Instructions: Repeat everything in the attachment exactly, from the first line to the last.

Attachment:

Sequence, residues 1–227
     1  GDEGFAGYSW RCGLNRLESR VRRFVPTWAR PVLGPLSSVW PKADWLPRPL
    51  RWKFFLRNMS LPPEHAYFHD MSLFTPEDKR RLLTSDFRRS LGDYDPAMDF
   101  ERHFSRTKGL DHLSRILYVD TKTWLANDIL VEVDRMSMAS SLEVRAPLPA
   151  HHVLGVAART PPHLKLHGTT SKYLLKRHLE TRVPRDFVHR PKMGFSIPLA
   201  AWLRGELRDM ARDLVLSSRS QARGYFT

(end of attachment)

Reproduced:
Sequence, residues 1–227
     1  GDEGFAGYSW RCGLNRLESR VRRFVPTWAR PVLGPLSSVW PKADWLPRPL
    51  RWKFFLRNMS LPPEHAYFHD MSLFTPEDKR RLLTSDFRRS LGDYDPAMDF
   101  ERHFSRTKGL DHLSRILYVD TKTWLANDIL VEVDRMSMAS SLEVRAPLPA
   151  HHVLGVAART PPHLKLHGTT SKYLLKRHLE TRVPRDFVHR PKMGFSIPLA
   201  AWLRGELRDM ARDLVLSSRS QARGYFT